Conservation Easements

What is a Conservation Easement?

A conservation easement is a legal agreement between a landowner and a qualified conservation organization – such as a land trust, governmental entity, or charitable organization – that permanently limits certain uses of the land (e.g., development, subdivision). Easements are recorded in the local recorder’s office and are binding on future owners. The conservation organization monitors use of the land and enforces the requirements of the easement. The landowner, his or her advisors, and the conservation organization work together to tailor the easement to meet the owner’s specific goals and address the unique character of the property.

The landowner retains ownership of the land and may use it in any way that’s consistent with the conservation easement. The owner can sell the land, give it away, or leave it to his or her family – subject to the easement.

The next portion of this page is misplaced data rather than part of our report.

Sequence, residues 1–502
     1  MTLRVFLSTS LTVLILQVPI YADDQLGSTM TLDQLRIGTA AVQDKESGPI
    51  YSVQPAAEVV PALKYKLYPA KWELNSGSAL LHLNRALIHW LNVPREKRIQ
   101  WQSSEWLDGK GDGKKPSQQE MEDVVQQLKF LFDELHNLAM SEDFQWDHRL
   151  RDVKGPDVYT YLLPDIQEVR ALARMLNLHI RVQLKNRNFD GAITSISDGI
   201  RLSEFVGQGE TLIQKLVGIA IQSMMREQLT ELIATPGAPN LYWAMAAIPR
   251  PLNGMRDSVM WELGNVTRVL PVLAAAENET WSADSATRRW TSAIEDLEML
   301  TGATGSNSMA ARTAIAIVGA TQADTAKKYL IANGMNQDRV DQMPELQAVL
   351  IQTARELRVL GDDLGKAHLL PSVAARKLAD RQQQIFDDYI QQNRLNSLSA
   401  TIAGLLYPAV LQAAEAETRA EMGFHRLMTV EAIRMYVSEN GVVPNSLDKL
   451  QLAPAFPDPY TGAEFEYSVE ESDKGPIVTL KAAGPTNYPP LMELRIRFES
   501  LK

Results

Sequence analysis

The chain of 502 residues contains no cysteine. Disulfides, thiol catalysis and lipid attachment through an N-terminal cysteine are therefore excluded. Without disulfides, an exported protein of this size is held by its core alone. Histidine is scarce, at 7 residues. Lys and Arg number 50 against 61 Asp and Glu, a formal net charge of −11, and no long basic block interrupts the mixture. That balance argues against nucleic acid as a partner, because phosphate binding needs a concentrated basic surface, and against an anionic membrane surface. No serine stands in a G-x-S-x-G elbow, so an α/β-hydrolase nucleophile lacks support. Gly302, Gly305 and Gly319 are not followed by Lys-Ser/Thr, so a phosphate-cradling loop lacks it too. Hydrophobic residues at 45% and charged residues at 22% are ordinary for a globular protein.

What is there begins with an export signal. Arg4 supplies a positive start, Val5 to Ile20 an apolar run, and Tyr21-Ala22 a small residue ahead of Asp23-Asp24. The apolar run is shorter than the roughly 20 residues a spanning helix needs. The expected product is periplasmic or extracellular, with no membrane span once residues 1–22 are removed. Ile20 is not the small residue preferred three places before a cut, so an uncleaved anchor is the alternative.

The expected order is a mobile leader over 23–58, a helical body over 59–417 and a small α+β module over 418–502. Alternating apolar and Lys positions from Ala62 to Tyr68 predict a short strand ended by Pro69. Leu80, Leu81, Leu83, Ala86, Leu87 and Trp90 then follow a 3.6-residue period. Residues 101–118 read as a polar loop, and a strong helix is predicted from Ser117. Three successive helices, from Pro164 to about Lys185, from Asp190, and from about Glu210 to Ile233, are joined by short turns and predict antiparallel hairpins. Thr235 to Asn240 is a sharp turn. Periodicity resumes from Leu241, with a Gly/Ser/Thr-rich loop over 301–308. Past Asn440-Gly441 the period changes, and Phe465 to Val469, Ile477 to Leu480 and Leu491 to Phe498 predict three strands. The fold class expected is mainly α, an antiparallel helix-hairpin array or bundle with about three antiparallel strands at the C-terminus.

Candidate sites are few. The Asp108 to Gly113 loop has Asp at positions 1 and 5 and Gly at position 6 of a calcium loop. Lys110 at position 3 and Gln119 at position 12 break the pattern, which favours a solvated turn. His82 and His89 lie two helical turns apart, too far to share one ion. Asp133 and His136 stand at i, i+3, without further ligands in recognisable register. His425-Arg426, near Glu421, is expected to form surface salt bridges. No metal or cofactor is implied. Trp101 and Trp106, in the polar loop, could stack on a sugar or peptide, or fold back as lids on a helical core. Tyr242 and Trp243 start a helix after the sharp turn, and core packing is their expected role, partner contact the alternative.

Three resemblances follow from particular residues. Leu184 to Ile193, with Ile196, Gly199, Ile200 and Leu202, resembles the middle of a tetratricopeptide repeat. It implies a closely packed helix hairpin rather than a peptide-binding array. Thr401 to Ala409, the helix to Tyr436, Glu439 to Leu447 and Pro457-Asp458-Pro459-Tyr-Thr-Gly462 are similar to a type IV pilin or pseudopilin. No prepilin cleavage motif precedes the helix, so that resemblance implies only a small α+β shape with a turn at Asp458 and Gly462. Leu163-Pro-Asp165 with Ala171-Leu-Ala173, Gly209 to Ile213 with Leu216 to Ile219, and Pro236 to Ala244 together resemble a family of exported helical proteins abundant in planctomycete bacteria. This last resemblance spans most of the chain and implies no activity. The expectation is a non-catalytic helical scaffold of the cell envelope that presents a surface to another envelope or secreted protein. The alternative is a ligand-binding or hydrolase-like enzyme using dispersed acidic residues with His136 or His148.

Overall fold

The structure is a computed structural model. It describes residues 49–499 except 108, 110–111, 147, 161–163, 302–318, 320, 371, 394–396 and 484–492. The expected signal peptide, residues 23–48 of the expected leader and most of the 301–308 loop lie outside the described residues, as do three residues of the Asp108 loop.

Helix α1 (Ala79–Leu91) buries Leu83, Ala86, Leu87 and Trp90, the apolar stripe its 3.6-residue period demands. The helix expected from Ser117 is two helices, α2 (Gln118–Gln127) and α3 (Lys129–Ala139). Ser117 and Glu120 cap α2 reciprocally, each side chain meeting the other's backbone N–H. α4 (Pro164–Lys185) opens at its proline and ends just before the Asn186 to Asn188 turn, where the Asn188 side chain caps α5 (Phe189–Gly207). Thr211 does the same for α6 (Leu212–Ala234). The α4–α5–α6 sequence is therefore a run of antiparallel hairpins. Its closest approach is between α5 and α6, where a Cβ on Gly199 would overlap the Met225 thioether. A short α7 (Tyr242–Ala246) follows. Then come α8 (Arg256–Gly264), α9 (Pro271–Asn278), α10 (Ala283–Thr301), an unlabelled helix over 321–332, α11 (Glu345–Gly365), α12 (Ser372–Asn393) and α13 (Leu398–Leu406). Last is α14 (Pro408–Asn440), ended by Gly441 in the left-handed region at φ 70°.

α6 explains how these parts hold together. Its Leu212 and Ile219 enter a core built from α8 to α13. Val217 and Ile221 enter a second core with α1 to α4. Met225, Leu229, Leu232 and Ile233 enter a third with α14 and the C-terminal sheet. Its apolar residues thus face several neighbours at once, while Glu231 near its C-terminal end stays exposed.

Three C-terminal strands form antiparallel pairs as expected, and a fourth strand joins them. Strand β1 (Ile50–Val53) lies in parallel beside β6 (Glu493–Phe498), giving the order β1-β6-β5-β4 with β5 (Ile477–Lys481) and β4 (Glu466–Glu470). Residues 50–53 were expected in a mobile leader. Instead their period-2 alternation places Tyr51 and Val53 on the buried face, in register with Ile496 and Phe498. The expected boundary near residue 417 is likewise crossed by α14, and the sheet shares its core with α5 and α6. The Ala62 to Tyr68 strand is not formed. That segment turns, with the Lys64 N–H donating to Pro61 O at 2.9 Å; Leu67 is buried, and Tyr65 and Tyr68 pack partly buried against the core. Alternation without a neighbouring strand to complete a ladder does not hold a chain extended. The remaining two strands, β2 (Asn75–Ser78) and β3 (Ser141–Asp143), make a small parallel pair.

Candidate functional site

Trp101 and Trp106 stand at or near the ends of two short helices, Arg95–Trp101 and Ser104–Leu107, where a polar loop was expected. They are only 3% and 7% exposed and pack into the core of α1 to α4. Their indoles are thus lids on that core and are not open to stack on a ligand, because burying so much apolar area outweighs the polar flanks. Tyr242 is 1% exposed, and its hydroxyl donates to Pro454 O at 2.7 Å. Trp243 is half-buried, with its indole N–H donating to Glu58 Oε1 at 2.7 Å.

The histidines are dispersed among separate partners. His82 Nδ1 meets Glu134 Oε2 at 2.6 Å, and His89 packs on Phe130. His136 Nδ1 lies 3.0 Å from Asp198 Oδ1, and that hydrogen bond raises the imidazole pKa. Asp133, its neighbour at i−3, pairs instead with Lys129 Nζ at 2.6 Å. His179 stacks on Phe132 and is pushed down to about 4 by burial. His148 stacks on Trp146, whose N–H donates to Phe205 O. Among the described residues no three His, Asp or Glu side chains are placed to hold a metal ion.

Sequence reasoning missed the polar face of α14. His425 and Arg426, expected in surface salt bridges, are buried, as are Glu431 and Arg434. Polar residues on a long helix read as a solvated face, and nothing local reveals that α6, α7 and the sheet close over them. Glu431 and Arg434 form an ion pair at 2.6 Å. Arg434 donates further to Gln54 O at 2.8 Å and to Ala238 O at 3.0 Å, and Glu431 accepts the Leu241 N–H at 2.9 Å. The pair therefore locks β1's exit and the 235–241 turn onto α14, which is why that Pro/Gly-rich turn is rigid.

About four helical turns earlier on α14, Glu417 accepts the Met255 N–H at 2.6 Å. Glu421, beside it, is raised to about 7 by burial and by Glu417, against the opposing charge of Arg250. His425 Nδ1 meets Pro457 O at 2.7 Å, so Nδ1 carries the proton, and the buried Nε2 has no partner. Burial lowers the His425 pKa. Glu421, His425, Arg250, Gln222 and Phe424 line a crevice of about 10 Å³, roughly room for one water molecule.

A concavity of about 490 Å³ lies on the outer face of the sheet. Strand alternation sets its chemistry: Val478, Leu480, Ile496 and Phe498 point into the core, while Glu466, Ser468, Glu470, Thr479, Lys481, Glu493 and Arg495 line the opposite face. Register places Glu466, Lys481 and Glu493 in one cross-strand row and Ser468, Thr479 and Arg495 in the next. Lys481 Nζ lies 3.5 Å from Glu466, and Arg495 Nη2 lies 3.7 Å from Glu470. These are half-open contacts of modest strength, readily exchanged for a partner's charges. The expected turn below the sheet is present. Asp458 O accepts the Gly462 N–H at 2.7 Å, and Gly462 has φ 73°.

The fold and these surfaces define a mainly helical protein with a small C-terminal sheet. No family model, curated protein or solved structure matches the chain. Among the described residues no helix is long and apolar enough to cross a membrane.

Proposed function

Conservation easements don’t require that the public be given access to the land, nor do they confer any ownership rights on the conservation organization.

Financial Benefits

Conservation easements can produce significant income and estate tax benefits. The donor can deduct the value of the easement (usually the difference between the land’s value with and without the easement) as a charitable gift. The charitable deduction is limited to 30 percent of adjusted gross income. But if the value of the easement exceeds that limit, the excess can be carried over and deducted over the next five years (subject to the 30-percent ceiling). In addition, many states provide substantial income tax deductions or credits.

Because a conservation easement reduces the market value of the land, it also lowers estate taxes. In addition, the donor is entitled to exclude up to $400,000 of the land’s value from his or her estate ($500,000 next year). These estate tax benefits can help ensure that the landowner’s family will receive the land without having to sell off part of it to pay estate taxes.

Conservation easements aren’t limited to rural or park areas; they’re available in urban and metropolitan areas as well. Proposed tax legislation contains provisions that will make conservation easements even more widely available than they are now.

Conservation easements are powerful estate planning tools that can help keep land in the family and preserve its beauty, utility, and traditional use for generations. They can also provide current income tax deductions and significant reductions in estate taxes.